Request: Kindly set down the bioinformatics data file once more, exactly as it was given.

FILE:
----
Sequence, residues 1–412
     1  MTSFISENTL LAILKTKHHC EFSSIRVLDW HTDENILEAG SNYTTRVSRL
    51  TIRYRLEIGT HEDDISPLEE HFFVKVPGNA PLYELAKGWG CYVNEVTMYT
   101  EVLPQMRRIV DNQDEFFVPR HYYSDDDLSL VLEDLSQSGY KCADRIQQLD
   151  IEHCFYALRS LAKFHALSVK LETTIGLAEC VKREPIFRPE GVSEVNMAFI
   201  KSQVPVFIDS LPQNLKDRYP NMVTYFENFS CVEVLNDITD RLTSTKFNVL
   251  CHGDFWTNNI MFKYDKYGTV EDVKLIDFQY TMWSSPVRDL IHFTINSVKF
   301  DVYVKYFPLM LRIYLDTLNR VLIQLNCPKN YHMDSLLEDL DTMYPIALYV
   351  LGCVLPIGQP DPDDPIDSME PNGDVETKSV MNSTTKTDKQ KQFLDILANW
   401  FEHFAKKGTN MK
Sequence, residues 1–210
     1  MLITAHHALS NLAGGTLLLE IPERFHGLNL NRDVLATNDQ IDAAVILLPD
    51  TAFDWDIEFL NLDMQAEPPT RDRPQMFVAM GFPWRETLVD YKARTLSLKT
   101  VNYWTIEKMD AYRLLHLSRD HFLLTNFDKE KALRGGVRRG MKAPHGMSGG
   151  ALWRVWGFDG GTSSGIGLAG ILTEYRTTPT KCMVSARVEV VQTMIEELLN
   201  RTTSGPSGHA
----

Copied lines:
Sequence, residues 1–412
     1  MTSFISENTL LAILKTKHHC EFSSIRVLDW HTDENILEAG SNYTTRVSRL
    51  TIRYRLEIGT HEDDISPLEE HFFVKVPGNA PLYELAKGWG CYVNEVTMYT
   101  EVLPQMRRIV DNQDEFFVPR HYYSDDDLSL VLEDLSQSGY KCADRIQQLD
   151  IEHCFYALRS LAKFHALSVK LETTIGLAEC VKREPIFRPE GVSEVNMAFI
   201  KSQVPVFIDS LPQNLKDRYP NMVTYFENFS CVEVLNDITD RLTSTKFNVL
   251  CHGDFWTNNI MFKYDKYGTV EDVKLIDFQY TMWSSPVRDL IHFTINSVKF
   301  DVYVKYFPLM LRIYLDTLNR VLIQLNCPKN YHMDSLLEDL DTMYPIALYV
   351  LGCVLPIGQP DPDDPIDSME PNGDVETKSV MNSTTKTDKQ KQFLDILANW
   401  FEHFAKKGTN MK
Sequence, residues 1–210
     1  MLITAHHALS NLAGGTLLLE IPERFHGLNL NRDVLATNDQ IDAAVILLPD
    51  TAFDWDIEFL NLDMQAEPPT RDRPQMFVAM GFPWRETLVD YKARTLSLKT
   101  VNYWTIEKMD AYRLLHLSRD HFLLTNFDKE KALRGGVRRG MKAPHGMSGG
   151  ALWRVWGFDG GTSSGIGLAG ILTEYRTTPT KCMVSARVEV VQTMIEELLN
   201  RTTSGPSGHA